German foreign minister warns New START and INF Treaties termination will affect Europe

German Foreign Minister Sigmar Gabriel. Kay Nietfeld/dpa via AP

The termination of the Treaties on missile armament cuts and liquidation will affect Europe’s security, German Foreign Minister Sigmar Gabriel said on Wednesday.

Germany’s top diplomat made this statement after a meeting with experts of the Commission on Challenges to Deep Nuclear Weapons Cuts from Russia, the United States and Germany.

“The possible termination of the Intermediate-Range Nuclear Forces (INF) Treaty and the non-prolongation of the New START Treaty [the Treaty on Measures for the Further Reduction and Limitation of Strategic Offensive Arms] are what will eventually threaten Europe, in the first place,” Gabriel said.

The German foreign minister also said he shared the experts’ opinion that “the worst Cold War mistakes are repeated” and the world is at the stage of “Cold War 2.0.”

According to him, European countries should become active participants in the disarmament discussion.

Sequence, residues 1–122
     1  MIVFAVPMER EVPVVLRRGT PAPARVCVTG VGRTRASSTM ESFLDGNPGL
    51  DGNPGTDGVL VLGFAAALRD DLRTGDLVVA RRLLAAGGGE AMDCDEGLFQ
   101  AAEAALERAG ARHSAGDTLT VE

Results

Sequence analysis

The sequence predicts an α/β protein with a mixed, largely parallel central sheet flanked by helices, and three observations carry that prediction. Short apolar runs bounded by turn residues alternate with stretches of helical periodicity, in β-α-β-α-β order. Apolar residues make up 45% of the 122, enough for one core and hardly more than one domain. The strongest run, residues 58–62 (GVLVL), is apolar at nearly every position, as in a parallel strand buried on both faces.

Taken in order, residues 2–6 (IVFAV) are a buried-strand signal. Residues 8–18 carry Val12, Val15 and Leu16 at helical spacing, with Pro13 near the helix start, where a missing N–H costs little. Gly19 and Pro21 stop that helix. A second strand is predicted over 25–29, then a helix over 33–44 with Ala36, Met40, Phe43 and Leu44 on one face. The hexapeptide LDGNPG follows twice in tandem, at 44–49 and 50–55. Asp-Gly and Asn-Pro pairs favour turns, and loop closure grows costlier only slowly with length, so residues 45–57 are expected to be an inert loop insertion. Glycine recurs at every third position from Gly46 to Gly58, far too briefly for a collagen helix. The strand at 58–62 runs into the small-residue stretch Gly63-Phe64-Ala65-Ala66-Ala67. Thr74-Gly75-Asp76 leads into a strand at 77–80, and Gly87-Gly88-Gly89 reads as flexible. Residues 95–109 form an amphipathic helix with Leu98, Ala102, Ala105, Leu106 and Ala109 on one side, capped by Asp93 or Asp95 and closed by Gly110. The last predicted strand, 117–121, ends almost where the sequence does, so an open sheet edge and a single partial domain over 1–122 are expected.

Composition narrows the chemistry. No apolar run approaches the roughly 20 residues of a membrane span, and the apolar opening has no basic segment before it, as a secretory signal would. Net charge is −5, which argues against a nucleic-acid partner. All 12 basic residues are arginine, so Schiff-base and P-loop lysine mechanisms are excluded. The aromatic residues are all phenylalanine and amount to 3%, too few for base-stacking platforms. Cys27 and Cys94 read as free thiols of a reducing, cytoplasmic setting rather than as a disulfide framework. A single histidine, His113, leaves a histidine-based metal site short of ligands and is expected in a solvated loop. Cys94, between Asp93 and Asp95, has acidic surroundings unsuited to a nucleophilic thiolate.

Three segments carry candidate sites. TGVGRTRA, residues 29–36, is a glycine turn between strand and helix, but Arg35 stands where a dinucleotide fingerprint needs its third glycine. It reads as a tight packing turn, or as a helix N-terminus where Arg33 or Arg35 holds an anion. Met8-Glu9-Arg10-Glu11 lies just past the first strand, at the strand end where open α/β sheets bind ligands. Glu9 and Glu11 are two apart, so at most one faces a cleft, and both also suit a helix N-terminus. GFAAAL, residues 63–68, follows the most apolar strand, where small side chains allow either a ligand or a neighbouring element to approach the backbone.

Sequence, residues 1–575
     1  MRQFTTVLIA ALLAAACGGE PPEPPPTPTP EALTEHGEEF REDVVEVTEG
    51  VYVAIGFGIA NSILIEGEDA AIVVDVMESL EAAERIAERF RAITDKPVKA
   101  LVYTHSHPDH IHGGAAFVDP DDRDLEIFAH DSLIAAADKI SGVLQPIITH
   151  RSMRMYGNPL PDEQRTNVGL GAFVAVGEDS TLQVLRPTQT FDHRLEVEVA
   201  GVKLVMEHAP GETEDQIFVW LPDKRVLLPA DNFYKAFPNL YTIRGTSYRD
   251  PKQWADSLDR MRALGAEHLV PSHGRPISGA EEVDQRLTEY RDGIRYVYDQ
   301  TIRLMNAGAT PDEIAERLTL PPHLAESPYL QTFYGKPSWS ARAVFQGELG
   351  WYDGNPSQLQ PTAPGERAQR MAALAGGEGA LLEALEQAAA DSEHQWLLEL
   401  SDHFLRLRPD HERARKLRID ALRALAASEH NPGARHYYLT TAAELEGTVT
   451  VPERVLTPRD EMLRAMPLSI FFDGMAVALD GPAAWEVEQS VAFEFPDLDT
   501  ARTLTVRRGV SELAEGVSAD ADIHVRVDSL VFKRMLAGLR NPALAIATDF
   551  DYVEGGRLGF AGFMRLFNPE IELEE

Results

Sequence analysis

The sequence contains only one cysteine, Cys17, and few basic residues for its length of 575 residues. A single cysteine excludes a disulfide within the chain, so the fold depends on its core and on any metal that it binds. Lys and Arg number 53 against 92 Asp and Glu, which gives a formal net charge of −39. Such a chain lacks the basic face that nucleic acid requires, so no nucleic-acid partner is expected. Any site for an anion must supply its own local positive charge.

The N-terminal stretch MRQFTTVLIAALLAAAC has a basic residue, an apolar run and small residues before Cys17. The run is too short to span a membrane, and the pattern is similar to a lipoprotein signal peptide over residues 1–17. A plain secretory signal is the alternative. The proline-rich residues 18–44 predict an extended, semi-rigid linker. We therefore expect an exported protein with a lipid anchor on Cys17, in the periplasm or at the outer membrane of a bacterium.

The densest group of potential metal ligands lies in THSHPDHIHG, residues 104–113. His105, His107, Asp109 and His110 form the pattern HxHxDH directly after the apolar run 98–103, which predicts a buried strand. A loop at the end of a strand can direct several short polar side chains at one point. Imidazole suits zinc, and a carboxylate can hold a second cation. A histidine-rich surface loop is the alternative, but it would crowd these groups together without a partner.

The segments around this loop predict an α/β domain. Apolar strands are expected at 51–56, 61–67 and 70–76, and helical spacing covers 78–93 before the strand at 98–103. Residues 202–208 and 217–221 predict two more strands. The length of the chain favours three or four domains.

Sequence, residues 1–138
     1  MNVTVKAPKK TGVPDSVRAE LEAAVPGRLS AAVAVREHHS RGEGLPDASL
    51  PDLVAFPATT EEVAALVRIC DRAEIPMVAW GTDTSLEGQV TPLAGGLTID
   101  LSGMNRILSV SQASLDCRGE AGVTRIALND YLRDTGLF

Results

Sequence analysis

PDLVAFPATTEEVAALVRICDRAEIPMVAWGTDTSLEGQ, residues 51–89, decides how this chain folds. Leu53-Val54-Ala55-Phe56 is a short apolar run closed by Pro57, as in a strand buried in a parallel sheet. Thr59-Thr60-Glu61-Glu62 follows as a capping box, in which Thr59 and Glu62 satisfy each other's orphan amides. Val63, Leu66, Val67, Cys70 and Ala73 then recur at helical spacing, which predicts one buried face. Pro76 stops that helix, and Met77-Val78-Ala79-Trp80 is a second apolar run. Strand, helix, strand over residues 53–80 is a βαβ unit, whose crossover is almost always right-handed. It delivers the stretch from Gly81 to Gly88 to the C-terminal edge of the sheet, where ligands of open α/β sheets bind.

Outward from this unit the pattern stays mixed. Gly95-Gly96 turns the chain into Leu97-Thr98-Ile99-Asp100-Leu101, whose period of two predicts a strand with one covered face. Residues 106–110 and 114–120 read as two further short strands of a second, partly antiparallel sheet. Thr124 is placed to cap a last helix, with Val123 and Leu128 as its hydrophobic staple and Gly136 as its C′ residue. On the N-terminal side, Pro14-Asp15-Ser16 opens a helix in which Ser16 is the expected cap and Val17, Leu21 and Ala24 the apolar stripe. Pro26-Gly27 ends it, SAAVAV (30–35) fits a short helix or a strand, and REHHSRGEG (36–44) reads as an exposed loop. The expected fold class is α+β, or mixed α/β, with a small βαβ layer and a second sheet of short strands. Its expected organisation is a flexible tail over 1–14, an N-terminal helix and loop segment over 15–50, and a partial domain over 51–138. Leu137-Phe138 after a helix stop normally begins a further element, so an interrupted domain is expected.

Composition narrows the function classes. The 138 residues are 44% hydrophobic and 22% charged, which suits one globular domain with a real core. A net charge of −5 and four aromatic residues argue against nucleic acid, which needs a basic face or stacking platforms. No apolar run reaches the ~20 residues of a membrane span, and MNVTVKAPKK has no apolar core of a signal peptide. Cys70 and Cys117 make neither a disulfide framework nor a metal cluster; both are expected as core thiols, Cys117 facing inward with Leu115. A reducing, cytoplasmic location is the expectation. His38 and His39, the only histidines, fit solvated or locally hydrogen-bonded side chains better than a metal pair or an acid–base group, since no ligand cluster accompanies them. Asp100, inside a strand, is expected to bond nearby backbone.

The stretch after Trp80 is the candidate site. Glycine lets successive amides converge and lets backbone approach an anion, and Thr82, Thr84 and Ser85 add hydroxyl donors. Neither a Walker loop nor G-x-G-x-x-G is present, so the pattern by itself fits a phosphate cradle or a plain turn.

“Germany should speak more actively with the United States, with Russia about this within the NATO framework,” the foreign minister said.

At the same time, Social Democrat Gabriel again lashed at the Conservatives in the German government who advocated a sharp increase in defense spending.

“In this regard, it is more important to double the efficiency of expenditures rather than their volume,” he said.

“I expect that the political leadership in [the Christian Democratic/Christian Social] Union won’t yield to the militarist logic [of US President Donald Trump] and this is what exactly is taking place now,” the German foreign minister said, noting that such policy could become a problem for Berlin.

 

 

 

 

6 thoughts on “German foreign minister warns New START and INF Treaties termination will affect Europe”

  1. If as we have speculated the EU wants to create a single unified armed forces then France will solely provide the nuclear deterrent in its early years but I am sure it won’t stay that way since France will not want to carry the burden entirely – especially under EU command. Therefore, if current trends continue we could see these words being extremely uncomfortable for Germany who may have to foot the bill for nuclear deterrence alongside France. The EU will have no choice especially if NATO becomes secondary to the EU Army in defending Europe.

    1. Those are some excellent points Tony. The possibility of a Franco-German nuclear deterrent is an interesting concept. And possibly a conundrum for both countries. Thanks for providing such an intriguing comment.

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